Jaisal Pastakia, Investment Manager at Heartwood Investment Management
According to Bloomberg’s poll of polls, it looks likely that Angela Merkel will be re-elected as Chancellor for a fourth term. Far from the confrontations we had come to witness in the US and France in the last 12 months, Germany’s election has failed to capture much investor attention. In fact, the German DAX is one of the best performing equity indices month-to-date.
The key question coming out of Sunday’s vote will be whether we see a renewal of vows between the current coalition parties – the Christian Democratic Union (CDU)/the Christian Social Union (CSU) and the Social Democratic Party of Germany (SPD) – or a new coalition involving the Free Democrats (FDP) and possibly the Green Party. Compared with previous coalition talks, these may prove to be more challenging since two of the three possible partners have memories of seeing their electoral standing suffer after serving in Merkel-led coalitions.
Based on a pro-business agenda, the FDP is regarded by some to be a more natural and traditional coalition partner. But the CDU/CSU and FDP may just miss out on winning enough seats to secure a coalition, meaning that they need the support of the Greens to form a majority government. Having both the FDP and the Greens in coalition could be possible – neither has ruled out such an alliance – but it would be difficult to manage given their different agendas.
More importantly, though, the FDP’s views on ‘Europe’ clash with those of a Chancellor credited with being the region’s crisis manager over the last decade. In contrast to Merkel’s more integrationist view, the FDP supports a Europe of different speeds and would modify treaties to allow countries to make an orderly exit from the Eurozone. The CDU could also enter another coalition with the SPD; in particular, there is much more commonality in the two parties’ thinking on Europe. However, opposition from the SDP’s grassroots membership may not make this proposition so straightforward.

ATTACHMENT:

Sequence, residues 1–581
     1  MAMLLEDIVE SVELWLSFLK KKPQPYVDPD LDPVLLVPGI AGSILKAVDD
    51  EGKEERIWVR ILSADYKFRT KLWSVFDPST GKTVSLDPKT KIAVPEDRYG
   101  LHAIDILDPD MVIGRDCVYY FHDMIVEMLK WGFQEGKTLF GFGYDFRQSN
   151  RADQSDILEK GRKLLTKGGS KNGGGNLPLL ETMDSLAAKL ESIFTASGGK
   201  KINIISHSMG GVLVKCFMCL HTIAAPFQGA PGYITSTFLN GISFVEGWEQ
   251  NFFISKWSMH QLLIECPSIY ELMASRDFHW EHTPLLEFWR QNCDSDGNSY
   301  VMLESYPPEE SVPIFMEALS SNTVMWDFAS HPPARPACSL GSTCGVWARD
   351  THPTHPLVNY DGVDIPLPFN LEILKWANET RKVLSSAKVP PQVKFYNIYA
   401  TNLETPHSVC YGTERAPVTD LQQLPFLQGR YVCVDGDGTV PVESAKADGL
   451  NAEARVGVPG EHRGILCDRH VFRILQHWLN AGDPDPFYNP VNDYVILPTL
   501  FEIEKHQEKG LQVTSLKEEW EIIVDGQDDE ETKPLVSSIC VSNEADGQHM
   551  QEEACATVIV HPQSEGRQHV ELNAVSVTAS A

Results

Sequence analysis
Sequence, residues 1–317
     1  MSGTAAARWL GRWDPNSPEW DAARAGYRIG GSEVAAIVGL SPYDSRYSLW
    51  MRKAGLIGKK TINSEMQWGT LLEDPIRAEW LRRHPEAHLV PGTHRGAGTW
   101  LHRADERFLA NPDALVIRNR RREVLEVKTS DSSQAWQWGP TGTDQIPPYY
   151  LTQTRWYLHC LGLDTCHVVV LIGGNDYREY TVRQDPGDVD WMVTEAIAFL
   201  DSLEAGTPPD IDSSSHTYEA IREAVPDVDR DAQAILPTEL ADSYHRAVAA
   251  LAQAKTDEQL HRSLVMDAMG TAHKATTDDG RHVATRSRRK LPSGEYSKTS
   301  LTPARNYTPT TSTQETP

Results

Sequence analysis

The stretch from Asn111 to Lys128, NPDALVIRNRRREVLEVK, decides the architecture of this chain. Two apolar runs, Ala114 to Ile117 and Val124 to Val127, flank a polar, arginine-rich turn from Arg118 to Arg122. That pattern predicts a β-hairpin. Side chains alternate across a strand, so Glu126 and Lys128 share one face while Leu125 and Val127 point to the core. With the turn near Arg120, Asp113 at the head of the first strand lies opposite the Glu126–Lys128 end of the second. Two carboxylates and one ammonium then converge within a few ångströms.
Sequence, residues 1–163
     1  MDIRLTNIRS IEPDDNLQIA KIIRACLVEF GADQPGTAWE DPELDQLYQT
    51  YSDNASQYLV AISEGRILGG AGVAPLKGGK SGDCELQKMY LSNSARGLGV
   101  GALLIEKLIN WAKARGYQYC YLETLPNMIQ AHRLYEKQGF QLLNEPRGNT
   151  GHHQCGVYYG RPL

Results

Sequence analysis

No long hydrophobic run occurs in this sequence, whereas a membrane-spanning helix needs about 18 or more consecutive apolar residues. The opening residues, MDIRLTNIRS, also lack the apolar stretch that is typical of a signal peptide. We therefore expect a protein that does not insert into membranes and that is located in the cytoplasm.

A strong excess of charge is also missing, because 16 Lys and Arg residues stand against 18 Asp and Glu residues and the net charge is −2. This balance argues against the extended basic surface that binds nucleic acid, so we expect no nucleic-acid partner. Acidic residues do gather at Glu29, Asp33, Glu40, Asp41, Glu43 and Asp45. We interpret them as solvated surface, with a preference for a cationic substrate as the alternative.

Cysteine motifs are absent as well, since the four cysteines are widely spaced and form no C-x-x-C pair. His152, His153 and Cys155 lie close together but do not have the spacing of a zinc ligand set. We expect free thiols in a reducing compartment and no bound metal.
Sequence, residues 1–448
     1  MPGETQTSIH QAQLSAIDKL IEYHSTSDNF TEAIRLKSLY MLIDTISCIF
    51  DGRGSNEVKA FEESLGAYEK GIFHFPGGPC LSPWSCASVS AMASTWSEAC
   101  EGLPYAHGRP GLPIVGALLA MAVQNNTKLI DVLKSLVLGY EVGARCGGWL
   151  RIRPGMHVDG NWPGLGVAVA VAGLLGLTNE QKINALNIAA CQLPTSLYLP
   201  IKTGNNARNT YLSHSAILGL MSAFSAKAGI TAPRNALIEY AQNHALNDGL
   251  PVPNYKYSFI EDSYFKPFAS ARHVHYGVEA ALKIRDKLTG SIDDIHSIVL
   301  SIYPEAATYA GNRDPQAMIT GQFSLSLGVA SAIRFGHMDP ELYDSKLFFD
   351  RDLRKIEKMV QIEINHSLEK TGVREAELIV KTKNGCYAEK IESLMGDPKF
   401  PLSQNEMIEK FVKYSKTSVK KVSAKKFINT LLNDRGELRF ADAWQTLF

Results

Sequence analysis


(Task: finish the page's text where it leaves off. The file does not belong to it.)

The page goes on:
On domestic matters, the positive news for German households is that whichever configuration Angela Merkel ends up leading in government, there is broad consensus on implementing tax cuts. Middle-income households are expected to benefit from income tax reforms worth at least €15bn (0.5% of GDP) per year from 2018. In addition, the three main parties are all proposing a phasing-out of the solidarity surcharge tax, which was introduced in 1991 to pay for German reunification. This could add another €10bn (0.3% of GDP) per year to household incomes.
Markets are likely to be unmoved
After 12 years as German leader, Angela Merkel is likely to be faced with the prospect of more challenging and longer coalition negotiations. To place in context, in 2013 the new government was sworn in 86 days are the election. If we see protracted discussions, then we do not expect an adverse reaction in financial markets. Coalition building is the norm in Germany and there is no immediate crisis in Europe that needs management. Furthermore, German borrowing rates are at historic lows, peripheral bond yields are well contained and economic growth remains robust.